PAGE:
Review by Derrick Carter

Running Time: 2 hours 9 minutes

MPAA Rating: R for Sequences of Strong Violence, Language and some Sexual Content

Kingsman poster

Directed by: Matthew Vaughn

Written by: Jane Goldman & Matthew Vaughn

(based on THE SECRET SERVICE comics by Mark Millar & Dave Gibbons)

Starring: Colin Firth, Taron Egerton, Michael Caine, Samuel L. Jackson, Sofia Boutella, Jack Davenport, Sophie Cookson, Mark Strong & Mark Hamill

KINGSMAN feels like an R-rated version of SPY KIDS mixed with the most ridiculous James Bond movies. If that description doesn’t sell you on this movie by itself, I honestly don’t know what more you want from this insane action-comedy. This comic book adaptation never takes itself seriously, but manages to birth a cast of strong characters and a clever storyline. In my humble opinion, KINGSMAN is the first perfect movie to come out of 2015!

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Eggsy is a young lad stuck in a rough life. His father died when he was a toddler and his mother is in an abusive relationship with a local thug. The future doesn’t look bright for Eggsy until he meets Harry Hart. Harry belongs to a group of top-secret agents known as the Kingsmen and he has picked Eggsy as a possible replacement for a newly deceased agent. Eggsy is subjected to a rigorous amount of deadly tests that will determine whether he makes the cut or not. This is all while Harry and his fellow Kingsmen investigate an apocalyptic plot headed by a quirky psychopath/genius named Richmond Valentine. As possible destruction draws near, the fate of the world lies in the hands of Eggsy, Harry, and the rest of the Kingsmen!

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The plot sounds relatively simple on paper, but is actually very clever. This film is basically like a loving homage to old 60’s spy movies and all of the ridiculous charm that comes with them. There are multiple references to spy thrillers throughout, some as blatant as a hero and a villain having discussions about old-school Bond films. However, the film never follows that formula in the way you might expect it to. It also helps that there’s (god forbid) character development thrown into both heroes and villains in ways that make you care about their plight.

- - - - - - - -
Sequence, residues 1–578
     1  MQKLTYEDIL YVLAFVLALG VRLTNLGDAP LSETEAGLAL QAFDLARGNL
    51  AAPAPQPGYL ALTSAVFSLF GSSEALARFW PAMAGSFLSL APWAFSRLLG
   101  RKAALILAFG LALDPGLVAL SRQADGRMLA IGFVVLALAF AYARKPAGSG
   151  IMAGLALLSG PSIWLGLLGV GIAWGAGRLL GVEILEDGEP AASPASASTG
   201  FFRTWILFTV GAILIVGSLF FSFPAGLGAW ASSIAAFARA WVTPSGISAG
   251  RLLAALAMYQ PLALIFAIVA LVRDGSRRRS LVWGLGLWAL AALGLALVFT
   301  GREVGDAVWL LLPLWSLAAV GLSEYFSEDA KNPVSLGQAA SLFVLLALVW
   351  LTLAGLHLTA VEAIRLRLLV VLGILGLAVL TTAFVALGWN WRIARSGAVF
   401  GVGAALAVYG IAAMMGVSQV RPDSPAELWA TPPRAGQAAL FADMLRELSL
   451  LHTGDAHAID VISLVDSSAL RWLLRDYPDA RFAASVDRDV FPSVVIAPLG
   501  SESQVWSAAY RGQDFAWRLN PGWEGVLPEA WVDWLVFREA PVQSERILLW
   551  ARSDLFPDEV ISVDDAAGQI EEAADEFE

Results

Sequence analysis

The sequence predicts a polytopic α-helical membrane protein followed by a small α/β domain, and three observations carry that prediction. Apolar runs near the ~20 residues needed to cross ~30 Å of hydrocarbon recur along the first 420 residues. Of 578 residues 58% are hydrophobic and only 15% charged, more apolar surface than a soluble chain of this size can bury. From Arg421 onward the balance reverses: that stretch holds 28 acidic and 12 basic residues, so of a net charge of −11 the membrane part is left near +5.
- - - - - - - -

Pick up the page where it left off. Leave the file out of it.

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All of the characters are memorable in one way or another. Taron Edgerton is a fresh face, but should have a long and impressive career ahead of him. Eggsy could have come off as an overly familiar stereotype or a generic hero, but Edgerton feeds realistic emotion and charisma into the role. Colin Firth isn’t exactly the first person you’d think of when you hear the phrase “action hero,” but manages to pull off his ass-kicking secret agent with style as well as humor. Mark Strong is also excellent, as is Sophie Cookson. On the villain side of things, Samuel L. Jackson is simultaneously hilarious and menacing as Richmond Valentine, adopting a lisp and little quirks that separate his character from the typical Bond baddie. His sidekick called Gazelle (Sofia Boutella) uses razor-sharp prosthetic legs that add even more tension to the her scenes.

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When I originally saw the trailer for KINGSMAN last year, I figured that this film would be a fun PG-13 popcorn action flick. How wrong I was. This film is blood-spattered and packed gratuitous violence, earning its R rating with glee. There are lots of set pieces that stick out, including a jaw-dropping sequence set in a church that is sure to go down as one of the best action scenes in recent memory. There is plenty of mayhem to go around and the film doesn’t play it safe in regards to those with weak stomachs. Go in expecting violence and you’ll receive more bloodshed than any of the FRIDAY THE 13TH installments.

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What’s also refreshing is that KINGSMAN doesn’t take itself seriously at all. This being said, the film manages to combine a mix of humor and high stakes that will fully engulf you in the perfectly paced story (that runs for just over two hours). All the laughs work and the adrenaline-pumping action scenes are among the best in the past couple of years. Blending comedy and action can usually result in the film coming out as more comedic than serious (see 22 JUMP STREET), but KINGSMAN manages to walk that tightrope in the same way that KICK-ASS did five years ago!

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That comparison to KICK-ASS is valid as both films are adapted from comics, sport a hard R rating as well as a sense of humor, and are masterfully directed by Matthew Vaughn. This is basically the KICK-ASS of the spy genre. That sentence should tell you whether this film is for you or not. The more I think about this movie, the more I love it. KINGSMAN is truly awesome!

Grade: A+

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